If I have a scheduling problem, is it possible that Hall's theorem can be applied? I was thinking that the graph representation of the scheduling problem can be the preferences of the people / workers getting scheduled. Is there any such result or counter-claim?
A Characterization of Open Shop Scheduling Problems Using the Hall Theorem and Network Flow, a thesis by Arunasri Chitti may provide what you need.
The abstract reads:
Open shop scheduling problems are combinatorial problems where jobs with certain processing requirements on a number of different machines must be arranged in such a way that objectives related to completion time are optimized. Such problems have applications over a wide spectrum including such as communications, routing and manufacturing.
Many open shop problems are NP-hard but there are a number of special cases which possess polynomial solutions in the case of few machines or few jobs or when preemption of jobs is permitted. Many such solutions are based in the theory of matching or Hall’s theorem, or more generally network flow. The primary focus of this thesis is to describe a number of polynomial-time solutions which are constructed using these related concepts and methods.
The paper discusses the problem of scheduling resources to needs in a reasonably optimized fashion, Open Shop Scheduling, and how a particular subset of those scheduling problems "are a number of special cases that do have polynomial solutions and those solutions often come from the theory of matching, network flow and Hall’s theorem, which are related concepts and methods." See What is an NP-complete in computer science as well as What are the differences between NP, NP-Complete and NP-Hard?. Also see the Wikipedia topics NP-hardness and NP-completeness.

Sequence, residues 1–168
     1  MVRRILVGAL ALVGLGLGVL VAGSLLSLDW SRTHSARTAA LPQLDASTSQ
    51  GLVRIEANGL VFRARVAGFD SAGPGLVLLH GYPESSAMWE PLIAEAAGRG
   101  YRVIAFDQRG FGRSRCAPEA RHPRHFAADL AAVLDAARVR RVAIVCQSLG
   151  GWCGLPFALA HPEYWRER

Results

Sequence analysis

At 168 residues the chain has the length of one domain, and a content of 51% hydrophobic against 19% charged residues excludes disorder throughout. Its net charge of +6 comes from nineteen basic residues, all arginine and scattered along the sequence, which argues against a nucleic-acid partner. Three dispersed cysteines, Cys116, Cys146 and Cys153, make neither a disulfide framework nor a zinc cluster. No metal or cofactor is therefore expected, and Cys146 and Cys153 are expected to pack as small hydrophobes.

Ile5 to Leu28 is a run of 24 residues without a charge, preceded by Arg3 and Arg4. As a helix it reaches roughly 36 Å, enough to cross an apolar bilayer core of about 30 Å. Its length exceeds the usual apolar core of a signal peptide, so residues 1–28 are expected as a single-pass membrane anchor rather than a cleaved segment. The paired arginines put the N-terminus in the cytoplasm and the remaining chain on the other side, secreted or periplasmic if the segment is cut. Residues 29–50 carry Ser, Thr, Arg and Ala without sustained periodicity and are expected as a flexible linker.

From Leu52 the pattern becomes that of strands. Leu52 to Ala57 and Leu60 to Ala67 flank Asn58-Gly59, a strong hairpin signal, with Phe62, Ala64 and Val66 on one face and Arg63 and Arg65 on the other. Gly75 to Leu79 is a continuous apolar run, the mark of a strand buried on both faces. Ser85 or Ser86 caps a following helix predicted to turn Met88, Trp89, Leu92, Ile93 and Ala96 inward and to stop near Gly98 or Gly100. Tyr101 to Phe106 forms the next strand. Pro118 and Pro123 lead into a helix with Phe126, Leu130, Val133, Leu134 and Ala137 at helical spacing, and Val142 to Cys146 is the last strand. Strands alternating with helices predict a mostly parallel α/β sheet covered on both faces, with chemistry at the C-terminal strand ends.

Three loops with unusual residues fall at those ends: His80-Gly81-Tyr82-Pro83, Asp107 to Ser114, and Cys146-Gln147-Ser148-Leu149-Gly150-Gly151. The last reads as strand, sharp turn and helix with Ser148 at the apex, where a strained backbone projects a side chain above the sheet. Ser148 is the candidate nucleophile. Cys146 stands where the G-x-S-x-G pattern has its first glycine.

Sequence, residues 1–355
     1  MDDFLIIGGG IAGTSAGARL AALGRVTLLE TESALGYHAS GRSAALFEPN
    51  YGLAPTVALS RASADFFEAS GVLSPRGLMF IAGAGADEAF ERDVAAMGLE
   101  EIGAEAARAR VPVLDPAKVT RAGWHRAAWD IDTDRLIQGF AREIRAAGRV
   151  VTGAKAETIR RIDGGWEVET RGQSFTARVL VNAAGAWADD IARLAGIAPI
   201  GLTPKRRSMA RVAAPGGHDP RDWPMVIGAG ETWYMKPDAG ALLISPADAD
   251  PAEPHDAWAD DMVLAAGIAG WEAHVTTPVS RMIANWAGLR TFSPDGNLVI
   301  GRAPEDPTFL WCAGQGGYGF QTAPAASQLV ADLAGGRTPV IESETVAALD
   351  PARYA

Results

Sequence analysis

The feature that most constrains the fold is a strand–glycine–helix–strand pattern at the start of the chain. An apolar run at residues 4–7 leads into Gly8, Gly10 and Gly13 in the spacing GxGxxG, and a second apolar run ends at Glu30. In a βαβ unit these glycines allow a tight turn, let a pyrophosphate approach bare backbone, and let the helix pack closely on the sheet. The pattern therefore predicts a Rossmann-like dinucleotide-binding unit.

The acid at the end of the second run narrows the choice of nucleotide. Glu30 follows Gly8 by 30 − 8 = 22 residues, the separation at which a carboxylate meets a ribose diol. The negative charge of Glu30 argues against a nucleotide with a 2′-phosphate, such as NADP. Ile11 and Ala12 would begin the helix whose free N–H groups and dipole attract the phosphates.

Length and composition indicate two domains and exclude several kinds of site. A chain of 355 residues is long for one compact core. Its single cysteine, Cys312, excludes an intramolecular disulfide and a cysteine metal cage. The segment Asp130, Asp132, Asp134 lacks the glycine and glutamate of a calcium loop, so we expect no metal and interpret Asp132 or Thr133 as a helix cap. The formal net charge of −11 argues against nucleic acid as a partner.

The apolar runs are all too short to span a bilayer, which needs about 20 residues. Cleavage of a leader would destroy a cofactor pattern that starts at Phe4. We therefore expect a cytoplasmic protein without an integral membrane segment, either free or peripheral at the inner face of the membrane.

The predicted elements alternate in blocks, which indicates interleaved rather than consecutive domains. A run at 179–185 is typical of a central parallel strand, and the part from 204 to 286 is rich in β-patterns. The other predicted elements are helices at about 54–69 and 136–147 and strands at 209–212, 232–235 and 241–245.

Scheduling in the context of the paper is defined as:
Scheduling deals with the arrangement of a given set of jobs, on the given machine such that the provided resources are assigned to the jobs in an optimal way. Scheduling provides us the starting and the completion time for each operation or job.
A Scheduling problems in the context of the paper is defined as:
According to Peter Brucker , a Scheduling problem is defined as following: Given m machines Mj (j= 1, 2...m) and n jobs Ji (i= 1, 2…n), a schedule now is allocation of one or more time intervals for each job on one or more machines.
The thesis goes on to demonstrate the use of applying flow theory to a particular subset of matching resources to needs using graphs. The thesis concludes with:
Open Shop Scheduling problem is different from other scheduling problems. This shop problem is very closely related to matching. Although, we have surveyed number of problems where Hall technique works, yet there are unexplored problems where matching is applied. The connection between algorithms of parallel machines and open shop are more close than other shop problems. In this thesis, we have learnt flow techinques are useful and seem to be one of the strongest tools available for non-NP Complete scheduling problem.